Last week I had a surprisingly intense experience. I was riding the 2 train from Harlem, and a young man got on the train. He was wearing army fatigues from collar to boots and had a giant 3 foot high green army bag packed and resting on the floor of the train. He stared straight ahead, avoiding the looks of every other passenger, including myself. He was a very young black man–without the uniform, I would have guessed he was 15 years old.
While I have seen men and women in uniform many times in the city, I had a really strong reaction to this man. I think it was partly just how young he was. He must have been just out of school, heading out from my neighborhood in Harlem to his first experience of training.But what struck me most about my standing so close to him was that I realized in that moment: I had forgotten. I had forgotten that we are at war.
With all the things going on in my life, with all the things in the news to be devastated about, with Memorial Day and Veterans Day both months away, it had simply slipped my mind that young boys and girls, men and women, are being sent out to hold and shoot weapons, to risk their physical and mental and spiritual health, to be hurt and changed in unpredictable and irreversible ways. All in the name of my safety and prosperity. All while I go about my daily activities so far removed from war that I had forgotten about it completely.
He got off at 34th St, probably heading to a train at Penn Station to some military base down south. I found myself praying for him the entire subway ride.
I remember soon after I arrived at Church of the Village, we had a class on prayer practices, and I shared how meaningful it was to me to pray for people on the subway. I used to just pick someone around me and pray for them. I remember a number of people really liked my suggestion and started praying for people on the subway too. Well, in the last year, I haven’t been doing this much at all. I just forget or I get caught up my podcasts or my Sudoku game or some other method of distracting myself until I get to where I really want to be.
I have forgotten the spiritual richness of just being a New Yorker. The privilege of sitting on a subway train that looks like the kin-dom of God. I have forgotten just how sacred every person around me is and how much God loves and cares for each of them. That each person on the subway has a whole life, a whole story, a whole set of experiences and loved ones and scars that I don’t have the slightest understanding of. Some of them are even going off to war.
That young soldier last week inspired me to be a litte more aware of the life teeming around me, to be a little more aware of the ways my life intersects with others’ and with the fates of nations and men and women in far away places. To be a little more aware of the sacred creations of God that live and walk and ride close to me everyday. And to pray a little more for the strangers who make up my community and who are my sisters and brothers in this city I call home.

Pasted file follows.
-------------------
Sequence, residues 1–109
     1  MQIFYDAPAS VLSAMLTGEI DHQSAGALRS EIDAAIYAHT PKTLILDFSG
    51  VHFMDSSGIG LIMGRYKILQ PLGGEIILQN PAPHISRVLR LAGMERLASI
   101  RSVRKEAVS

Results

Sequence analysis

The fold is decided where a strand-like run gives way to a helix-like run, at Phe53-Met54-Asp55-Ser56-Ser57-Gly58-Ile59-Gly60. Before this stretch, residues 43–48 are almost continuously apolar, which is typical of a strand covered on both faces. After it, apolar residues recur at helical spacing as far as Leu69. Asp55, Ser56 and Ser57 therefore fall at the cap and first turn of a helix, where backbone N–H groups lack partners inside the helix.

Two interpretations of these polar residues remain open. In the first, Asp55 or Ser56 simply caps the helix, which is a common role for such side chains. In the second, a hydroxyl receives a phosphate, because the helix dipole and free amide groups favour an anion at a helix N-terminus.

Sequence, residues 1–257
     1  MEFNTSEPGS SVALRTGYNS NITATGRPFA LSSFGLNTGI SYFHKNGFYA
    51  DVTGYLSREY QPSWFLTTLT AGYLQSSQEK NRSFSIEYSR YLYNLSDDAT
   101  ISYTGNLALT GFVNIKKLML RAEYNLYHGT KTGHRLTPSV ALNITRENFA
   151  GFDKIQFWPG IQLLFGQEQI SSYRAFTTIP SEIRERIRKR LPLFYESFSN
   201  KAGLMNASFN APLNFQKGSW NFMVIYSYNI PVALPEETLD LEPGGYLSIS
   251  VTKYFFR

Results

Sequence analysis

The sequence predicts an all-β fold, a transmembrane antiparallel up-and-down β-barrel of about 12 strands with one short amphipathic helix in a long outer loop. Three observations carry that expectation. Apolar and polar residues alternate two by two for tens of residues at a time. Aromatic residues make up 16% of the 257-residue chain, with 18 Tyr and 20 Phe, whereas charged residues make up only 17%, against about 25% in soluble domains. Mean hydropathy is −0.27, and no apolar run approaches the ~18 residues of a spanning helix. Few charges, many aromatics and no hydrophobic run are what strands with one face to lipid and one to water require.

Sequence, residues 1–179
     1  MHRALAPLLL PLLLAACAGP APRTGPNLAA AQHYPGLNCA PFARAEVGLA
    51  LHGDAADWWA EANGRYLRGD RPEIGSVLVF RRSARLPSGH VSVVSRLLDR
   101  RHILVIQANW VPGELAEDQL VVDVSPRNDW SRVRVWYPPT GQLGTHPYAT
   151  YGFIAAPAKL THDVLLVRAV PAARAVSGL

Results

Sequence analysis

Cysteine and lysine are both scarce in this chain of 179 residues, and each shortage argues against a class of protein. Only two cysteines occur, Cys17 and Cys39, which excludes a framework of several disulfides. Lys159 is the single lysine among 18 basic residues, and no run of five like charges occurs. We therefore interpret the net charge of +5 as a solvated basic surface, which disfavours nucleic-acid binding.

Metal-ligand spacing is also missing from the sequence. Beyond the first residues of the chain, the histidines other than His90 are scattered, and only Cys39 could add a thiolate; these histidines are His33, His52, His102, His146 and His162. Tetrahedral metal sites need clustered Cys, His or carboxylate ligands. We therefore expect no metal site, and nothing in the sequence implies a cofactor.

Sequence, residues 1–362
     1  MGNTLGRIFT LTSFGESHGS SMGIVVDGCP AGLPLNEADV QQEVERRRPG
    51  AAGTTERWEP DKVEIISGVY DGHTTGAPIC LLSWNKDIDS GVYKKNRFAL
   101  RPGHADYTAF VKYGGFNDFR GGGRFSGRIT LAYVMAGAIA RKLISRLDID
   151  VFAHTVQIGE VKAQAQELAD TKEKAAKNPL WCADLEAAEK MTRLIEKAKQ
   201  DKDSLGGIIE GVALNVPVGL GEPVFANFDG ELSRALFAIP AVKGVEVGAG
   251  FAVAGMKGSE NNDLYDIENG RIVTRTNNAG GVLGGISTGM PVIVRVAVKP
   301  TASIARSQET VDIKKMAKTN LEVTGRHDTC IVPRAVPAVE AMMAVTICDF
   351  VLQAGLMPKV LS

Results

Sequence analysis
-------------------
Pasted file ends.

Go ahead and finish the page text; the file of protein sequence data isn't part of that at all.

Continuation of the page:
Today, I invite you to pray for a stranger you see in the city.
And this morning, I want to pray Psalm 91 for that young soldier I saw. I pray it also for all God’s beloved children, friends and enemies, who are caught up in conflicts around the world.
1You who live in the shelter of the Most High, who abide in the shadow of the Almighty,
2will say to the Lord, “My refuge and my fortress; my God, in whom I trust.”
3For she will deliver you from the snare of the fowler and from the deadly pestilence;
4he will cover you with his pinions, and under her wings you will find refuge; his faithfulness is a shield and buckler.
5You will not fear the terror of the night, or the arrow that flies by day,
6or the pestilence that stalks in darkness, or the destruction that wastes at noonday.
7A thousand may fall at your side, ten thousand at your right hand, but it will not come near you.
8You will only look with your eyes and see the punishment of the wicked.
9Because you have made the Lord your refuge, the Most High your dwelling place,
10no evil shall befall you, no scourge come near your tent.
11For she will command her angels concerning you to guard you in all your ways.
12On their hands they will bear you up, so that you will not dash your foot against a stone.
13You will tread on the lion and the adder, the young lion and the serpent you will trample under foot.
14Those who love me, I will deliver; I will protect those who know my name.
15When they call to me, I will answer them; I will be with them in trouble, I will rescue them and honor them.
16With long life I will satisfy them, and show them my salvation.